Tuesday, June 17, 2008
Even with potential for starvation in the third world, they parrot the same old lame fake terroirism that props up “state champion” industries.
France has launched a political campaign to restore food protectionism at the heart of Europe’s agriculture policy as food riots erupt in poor countries and global leaders give warning of the dire consequences of soaring grain prices. I don’t know how someone could say that with a straight face.
At a high-level EU agriculture meeting in Luxembourg, Michel Barnier, the French Agriculture Minister, called on Europe to establish a food security plan and to resist further cuts in Europe’s agriculture budget.
Mr Barnier said that the EU should not bow to pressure from the World Trade Organisation to reduce further its agricultural subsidies but instead should increase aid to farmers in developing countries.
Diplomatic sources in Brussels said that the Commission believed higher food prices would stimulate farming output. So liberate it, already! Stop trying to set prices. The only way you’d ever be prompted to say something like that in the face of high world market prices is if you were engaging in de-facto controlling of output, subsidies and prices in a fashion reminiscent of the soviets.
“Our policy is to liberate production,” said one Commission source.
Elsewhere “standards” are invoked to keep trying to tax the likes of Apple, Google, and Microsoft (but not SAP, SAGE, Dassault Systems, or Business Objects)
honest from competing on their patch.
The crime in there eyes is, of course, not enough creativity in couching your trade barriers from view.
If the Fabulous Furry Freak Brothers were a Junta, what country would they be running?
In a move that has left many Netherlanders wondering what the government is smoking, coffee shops are being lumped together with restaurants, bars and cafes, which are being forced to lose the ashtrays. Ironically, customers will still be able to buy hash or pot, roll it and smoke it at more than 700 approved shops. But starting the first of next month, those joints must contain pure marijuana only. People wishing to mix tobacco in, as is the continental custom, must go outside.And to think that they won’t even respect what’s left of their cultural traditions.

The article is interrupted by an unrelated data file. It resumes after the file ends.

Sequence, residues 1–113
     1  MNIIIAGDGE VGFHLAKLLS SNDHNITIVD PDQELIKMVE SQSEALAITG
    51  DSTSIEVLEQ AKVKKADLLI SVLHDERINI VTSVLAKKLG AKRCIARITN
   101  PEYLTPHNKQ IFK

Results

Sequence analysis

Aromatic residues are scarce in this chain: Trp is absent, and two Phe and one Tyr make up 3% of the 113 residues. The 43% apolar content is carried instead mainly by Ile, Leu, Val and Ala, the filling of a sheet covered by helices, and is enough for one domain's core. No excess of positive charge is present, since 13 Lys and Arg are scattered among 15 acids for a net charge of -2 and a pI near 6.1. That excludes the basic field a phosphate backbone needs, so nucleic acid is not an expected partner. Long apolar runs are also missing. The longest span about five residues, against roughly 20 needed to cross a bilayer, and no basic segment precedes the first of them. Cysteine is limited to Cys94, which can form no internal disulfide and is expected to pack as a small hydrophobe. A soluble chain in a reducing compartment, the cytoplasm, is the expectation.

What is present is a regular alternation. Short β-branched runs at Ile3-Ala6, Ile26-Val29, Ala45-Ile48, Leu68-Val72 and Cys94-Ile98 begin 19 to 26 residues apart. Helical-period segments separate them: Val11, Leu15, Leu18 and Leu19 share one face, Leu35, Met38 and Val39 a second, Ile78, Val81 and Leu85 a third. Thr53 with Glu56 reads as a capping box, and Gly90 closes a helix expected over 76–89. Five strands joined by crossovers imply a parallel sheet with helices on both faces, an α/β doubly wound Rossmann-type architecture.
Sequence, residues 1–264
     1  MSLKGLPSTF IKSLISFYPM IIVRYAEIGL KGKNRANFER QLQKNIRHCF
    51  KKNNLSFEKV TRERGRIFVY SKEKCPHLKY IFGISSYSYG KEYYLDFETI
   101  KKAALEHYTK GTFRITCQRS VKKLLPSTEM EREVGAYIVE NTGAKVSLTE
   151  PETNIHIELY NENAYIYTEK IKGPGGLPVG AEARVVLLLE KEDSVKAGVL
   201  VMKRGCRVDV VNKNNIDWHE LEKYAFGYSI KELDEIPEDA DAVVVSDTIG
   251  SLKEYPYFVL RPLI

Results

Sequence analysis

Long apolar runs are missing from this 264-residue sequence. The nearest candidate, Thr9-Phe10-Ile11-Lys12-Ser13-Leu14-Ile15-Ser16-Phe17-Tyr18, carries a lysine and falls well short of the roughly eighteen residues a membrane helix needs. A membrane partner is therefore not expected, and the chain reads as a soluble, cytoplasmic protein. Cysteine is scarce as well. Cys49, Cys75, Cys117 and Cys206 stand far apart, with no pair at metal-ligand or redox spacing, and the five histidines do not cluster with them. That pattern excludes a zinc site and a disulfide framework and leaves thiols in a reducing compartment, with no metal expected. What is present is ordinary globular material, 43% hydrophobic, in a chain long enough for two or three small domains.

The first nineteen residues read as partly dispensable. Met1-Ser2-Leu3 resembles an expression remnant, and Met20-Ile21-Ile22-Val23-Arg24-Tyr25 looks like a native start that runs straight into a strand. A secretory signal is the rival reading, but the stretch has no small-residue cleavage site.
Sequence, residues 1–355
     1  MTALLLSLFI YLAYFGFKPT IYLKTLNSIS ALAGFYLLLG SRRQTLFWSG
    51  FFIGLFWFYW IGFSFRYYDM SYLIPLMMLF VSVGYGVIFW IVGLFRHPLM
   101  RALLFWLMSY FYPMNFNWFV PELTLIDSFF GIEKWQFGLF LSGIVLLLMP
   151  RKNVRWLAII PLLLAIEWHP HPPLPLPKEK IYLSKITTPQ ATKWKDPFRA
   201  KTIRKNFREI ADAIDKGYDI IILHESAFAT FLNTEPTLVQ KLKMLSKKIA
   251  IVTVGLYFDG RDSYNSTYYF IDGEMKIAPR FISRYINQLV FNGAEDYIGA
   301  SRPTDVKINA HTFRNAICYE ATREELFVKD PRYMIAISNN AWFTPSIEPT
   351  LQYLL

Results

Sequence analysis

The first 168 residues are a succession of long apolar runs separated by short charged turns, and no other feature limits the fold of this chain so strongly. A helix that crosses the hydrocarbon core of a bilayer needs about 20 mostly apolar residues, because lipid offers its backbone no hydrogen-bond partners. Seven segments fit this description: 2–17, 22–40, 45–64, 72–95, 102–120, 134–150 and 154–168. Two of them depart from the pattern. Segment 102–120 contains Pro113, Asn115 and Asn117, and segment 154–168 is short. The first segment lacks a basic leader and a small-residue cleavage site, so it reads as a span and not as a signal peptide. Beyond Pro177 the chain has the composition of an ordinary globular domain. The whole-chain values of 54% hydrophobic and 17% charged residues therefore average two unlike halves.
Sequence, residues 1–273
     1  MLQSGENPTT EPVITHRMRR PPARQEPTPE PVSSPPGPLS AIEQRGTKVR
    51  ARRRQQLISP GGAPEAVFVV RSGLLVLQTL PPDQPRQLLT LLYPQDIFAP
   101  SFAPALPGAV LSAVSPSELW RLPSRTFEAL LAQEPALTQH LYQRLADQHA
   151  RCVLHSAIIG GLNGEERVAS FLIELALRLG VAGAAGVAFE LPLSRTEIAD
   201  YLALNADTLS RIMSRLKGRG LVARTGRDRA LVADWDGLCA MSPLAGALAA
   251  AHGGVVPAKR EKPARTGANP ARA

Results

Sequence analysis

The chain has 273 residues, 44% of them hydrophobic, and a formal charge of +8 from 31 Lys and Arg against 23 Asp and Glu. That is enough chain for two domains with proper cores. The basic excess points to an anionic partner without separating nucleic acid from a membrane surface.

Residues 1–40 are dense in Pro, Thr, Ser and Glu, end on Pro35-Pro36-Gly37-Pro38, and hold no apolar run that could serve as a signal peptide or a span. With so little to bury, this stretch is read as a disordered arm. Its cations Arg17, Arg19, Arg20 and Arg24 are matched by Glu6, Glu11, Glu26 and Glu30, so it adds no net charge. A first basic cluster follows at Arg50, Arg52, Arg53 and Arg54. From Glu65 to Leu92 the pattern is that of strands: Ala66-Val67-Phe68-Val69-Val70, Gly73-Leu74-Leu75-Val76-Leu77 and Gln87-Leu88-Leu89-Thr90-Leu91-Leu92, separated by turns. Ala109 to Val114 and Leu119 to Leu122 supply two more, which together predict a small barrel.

They paved the terroir, and put up a parking lot.
Monday, June 16, 2008
Belgican über-corporate brewer InBev tried to buy out Budweiser. Bud teases them for a while. Budweiser then tries to make itself into a poison pill by bidding on Mexican brewer Modelo. A mega-corp from a continent that has anti-corporatism as a universal home truth gets the kind of $70/share Dirty Sanchez they take such delight in seeing their big corporate behemoths give to any foreign entity, so long as any feature of that country’s culture wouldn’t make it on the cover of National Geographic. In other words “fashionably poor” and immediately recognizable as pitiable wogs of one kind or another.
Since Le Monde cartoonists and various other overgrown adolescents on the people-powered anti-corporate continent take such great joy in their own monopolistic instincts “taking over” American assets, I though this would be a good time to wish them: have a nice day!
Sunday, June 15, 2008
Caption: Ongoing torture at GuantanamoWith the usual arrogance, he wants to believe that Americans don’t know when the President’s term ends, and that his presidency it is entirely bound-up with “Le Gitmo” of Plantu’s wet dreams. In reality, they’re having a hard time getting rid of these detainees. The European citizens among them are not wanted, and the US is unwilling to release most of the remainder because they would go to states that actually torture prisoners, and do it indiscriminately.
Detainee being forced to watch President Bush on TV: Stop! I can’t take it anymore!
His “Americans”, stunned: “Oh! It looks like he only has a few months left”
And actually put your change in your hand instead of dropping it on the grocery bagging trough. Meet one supermarket cashier with an actual work ethic, who “tells all” in a society where the customers of common, daily goods are such that customer service is generally pointless and thankless.
But there is precious little return for these efforts. Many customers treat la caissière as though she was not there, staring past her and failing to say hello back, according to Mrs Sam. When they do speak, it is often with condescension or anger. “It's not a majority who are impolite but it's not far off,” Mrs Sam said. “They are often very vulgar. They are fed up with being there and they take it out on us.” Insults fly as staff refuse people with 11 items at the ten-items-or-less checkout. I know you’ve probably heard the gripe about Americans having as one of their interminable list of flaws the terrible sine of “being too friendly”. Try asking Mrs. Sam if that’s such a bad thing.
Then there are the mothers who point at the checkout worker and say to their child: “You see, darling, if you don't work hard at school, you'll become a caissière like the lady.” Mrs Sam tells them that she had five years of university education.
Oh, and she blogs too. Give it up for your hard-working cashiers, folks!
Les festivités à Rosario coïncident avec la date officielle de la naissance du Che. En fait, il est né le 14 mai 1928, selon les confidences de sa mère, Celia de la Serna. Appartenant à une famille de l'aristocratie, Celia avait déclaré Ernesto un mois après sa naissance pour cacher qu'elle s'était mariée enceinte.